At above right, what had been the second floor level of Northridge Meadows was now on the ground. Where I could see into some of these bent columns, they were hollow. Once a Lally column is wrapped with fire-resistant materials these were, how would an inspector know if the column were a simple hollow steel pipe or a concrete filled Lally?
Fires from ruptured gas lines following the Northridge Earthquake in 1994
Moments after taking this earthquake-related fire damage photograph from beneath a partly-collapsed overhanging structure an after-shock brought this building to the ground.
Exterior Wall Crack Patterns at Windows & Doors after Earthquake Damage
Photo-comparison of earth quake resistant high rise with single family wood frame construction after Northridge
The under-floor heater pushed up the heating register and plenum when the floor fell around it (below left).
In comparison, in downtown L. A. high rise buildings such as shown in my photo at below right swayed and made terrifying creaking noises - I could hear debris falling inside of the wall cavities in upper floors during aftershocks - but the buildings remained essentially un-damaged and safe for their occupants - despite at least one who, unfamiliar with earthquake aftershocks, considered leaping from the upper floor of a high-rise during a nighttime aftershock but was rescued by Mary Fisher.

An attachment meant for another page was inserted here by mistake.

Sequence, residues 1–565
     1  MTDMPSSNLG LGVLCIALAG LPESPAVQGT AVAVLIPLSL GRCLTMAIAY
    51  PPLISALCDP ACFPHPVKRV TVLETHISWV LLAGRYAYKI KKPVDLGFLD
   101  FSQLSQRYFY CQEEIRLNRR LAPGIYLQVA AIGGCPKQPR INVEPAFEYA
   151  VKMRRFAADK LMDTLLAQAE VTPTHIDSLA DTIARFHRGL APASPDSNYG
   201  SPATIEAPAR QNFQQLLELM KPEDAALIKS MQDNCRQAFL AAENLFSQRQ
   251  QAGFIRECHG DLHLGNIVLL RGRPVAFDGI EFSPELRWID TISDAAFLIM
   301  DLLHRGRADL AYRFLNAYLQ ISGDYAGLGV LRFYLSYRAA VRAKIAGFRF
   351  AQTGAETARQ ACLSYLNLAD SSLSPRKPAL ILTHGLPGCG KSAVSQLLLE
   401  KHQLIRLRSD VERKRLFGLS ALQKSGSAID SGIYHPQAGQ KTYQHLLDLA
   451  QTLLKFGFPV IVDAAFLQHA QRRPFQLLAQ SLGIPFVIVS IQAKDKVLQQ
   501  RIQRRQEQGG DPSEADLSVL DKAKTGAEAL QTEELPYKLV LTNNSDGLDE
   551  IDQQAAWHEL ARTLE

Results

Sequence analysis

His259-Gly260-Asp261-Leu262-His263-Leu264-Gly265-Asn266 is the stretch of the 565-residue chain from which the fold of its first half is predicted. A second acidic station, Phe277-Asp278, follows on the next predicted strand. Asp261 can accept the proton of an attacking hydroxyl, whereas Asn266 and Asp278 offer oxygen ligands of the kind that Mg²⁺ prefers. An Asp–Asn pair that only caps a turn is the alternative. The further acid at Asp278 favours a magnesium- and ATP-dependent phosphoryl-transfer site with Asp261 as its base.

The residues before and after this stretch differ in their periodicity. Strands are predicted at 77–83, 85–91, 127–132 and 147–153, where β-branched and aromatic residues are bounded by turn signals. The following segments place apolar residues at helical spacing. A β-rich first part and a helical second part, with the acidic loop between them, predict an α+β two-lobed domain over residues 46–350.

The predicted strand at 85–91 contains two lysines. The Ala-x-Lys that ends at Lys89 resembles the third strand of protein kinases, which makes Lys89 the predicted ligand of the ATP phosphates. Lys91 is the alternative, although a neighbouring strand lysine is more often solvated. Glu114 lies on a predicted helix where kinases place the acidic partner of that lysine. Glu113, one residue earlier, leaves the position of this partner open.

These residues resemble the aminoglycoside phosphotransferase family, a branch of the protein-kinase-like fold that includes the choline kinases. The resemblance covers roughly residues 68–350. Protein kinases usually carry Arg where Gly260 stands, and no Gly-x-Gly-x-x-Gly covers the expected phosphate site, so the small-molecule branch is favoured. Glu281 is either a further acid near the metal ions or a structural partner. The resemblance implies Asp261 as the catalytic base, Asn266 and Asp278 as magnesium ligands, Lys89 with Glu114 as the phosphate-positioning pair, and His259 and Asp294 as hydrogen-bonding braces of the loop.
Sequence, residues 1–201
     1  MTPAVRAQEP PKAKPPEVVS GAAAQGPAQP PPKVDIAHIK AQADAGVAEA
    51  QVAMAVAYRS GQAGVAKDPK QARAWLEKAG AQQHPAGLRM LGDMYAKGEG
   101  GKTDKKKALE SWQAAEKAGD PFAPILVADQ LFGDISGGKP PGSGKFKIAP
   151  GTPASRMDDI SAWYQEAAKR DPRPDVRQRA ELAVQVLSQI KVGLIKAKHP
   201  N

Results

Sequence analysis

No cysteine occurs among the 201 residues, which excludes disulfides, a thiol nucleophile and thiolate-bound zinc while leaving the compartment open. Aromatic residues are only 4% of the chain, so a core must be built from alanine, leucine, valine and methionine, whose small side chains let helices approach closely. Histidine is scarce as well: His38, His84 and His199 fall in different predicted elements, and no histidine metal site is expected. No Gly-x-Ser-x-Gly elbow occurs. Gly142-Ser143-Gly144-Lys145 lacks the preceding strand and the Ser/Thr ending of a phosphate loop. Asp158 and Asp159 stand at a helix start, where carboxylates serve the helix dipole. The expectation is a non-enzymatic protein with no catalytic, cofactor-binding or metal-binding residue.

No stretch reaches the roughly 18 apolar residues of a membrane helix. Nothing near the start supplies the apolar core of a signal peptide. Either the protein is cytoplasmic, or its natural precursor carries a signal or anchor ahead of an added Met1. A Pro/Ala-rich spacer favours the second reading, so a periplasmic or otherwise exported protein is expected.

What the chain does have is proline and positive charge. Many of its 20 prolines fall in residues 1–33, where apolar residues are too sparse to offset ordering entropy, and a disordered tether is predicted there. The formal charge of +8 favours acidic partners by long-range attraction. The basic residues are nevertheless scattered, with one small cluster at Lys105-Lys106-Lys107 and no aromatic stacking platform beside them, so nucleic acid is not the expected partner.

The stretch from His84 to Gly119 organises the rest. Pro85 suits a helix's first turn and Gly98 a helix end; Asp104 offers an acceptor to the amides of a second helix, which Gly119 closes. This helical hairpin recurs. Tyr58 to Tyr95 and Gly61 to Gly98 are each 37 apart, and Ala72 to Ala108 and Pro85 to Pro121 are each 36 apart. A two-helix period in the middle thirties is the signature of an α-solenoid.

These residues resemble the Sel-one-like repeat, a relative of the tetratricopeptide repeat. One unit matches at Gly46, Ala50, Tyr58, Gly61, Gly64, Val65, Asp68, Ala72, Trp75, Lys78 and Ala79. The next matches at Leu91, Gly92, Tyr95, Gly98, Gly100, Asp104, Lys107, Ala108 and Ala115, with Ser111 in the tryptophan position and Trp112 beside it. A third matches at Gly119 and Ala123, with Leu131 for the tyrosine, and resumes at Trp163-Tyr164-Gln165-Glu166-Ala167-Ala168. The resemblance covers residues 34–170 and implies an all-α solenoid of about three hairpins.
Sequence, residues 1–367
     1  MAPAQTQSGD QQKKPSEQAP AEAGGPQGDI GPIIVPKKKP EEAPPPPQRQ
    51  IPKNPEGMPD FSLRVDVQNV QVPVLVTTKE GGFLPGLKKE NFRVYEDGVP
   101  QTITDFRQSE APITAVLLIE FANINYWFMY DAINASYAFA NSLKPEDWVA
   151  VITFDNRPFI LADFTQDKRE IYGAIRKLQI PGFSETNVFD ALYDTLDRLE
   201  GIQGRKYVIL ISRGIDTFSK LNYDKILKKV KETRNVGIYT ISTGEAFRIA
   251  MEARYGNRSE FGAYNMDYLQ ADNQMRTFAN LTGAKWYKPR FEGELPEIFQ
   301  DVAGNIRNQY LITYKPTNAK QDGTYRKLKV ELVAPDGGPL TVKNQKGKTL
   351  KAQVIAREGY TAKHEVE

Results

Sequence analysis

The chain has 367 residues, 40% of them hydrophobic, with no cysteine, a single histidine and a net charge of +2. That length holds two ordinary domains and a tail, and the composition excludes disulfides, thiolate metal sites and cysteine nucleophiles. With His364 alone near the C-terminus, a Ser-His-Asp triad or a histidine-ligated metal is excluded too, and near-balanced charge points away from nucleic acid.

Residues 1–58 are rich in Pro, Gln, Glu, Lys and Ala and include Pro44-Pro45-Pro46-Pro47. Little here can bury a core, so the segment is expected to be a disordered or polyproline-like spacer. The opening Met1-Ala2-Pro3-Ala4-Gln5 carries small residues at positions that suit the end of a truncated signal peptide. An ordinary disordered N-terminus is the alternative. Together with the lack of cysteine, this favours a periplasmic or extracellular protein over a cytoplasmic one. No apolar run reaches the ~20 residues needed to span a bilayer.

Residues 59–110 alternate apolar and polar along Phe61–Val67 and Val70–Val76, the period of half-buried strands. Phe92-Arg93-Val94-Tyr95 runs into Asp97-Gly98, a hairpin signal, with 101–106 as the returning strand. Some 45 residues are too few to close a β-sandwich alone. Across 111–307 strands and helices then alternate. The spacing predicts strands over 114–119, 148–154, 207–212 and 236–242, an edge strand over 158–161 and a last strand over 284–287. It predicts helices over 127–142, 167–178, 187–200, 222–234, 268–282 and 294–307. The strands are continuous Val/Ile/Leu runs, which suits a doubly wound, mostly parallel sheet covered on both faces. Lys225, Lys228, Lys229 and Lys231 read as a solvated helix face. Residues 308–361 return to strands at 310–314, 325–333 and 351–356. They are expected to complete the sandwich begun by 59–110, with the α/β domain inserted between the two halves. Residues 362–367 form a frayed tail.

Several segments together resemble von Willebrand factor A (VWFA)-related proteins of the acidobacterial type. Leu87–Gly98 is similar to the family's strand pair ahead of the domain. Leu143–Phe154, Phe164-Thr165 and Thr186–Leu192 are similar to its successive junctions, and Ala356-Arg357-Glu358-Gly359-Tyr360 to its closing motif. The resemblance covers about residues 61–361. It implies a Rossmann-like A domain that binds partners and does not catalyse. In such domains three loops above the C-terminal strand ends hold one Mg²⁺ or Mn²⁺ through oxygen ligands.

CONTACT US if you are a professional requiring higher resolution or background details. Additional photographs of other earthquake locations and damage are being added to this series. Contributions are requested to expand this resource, without charge, for scholarly or professional purposes.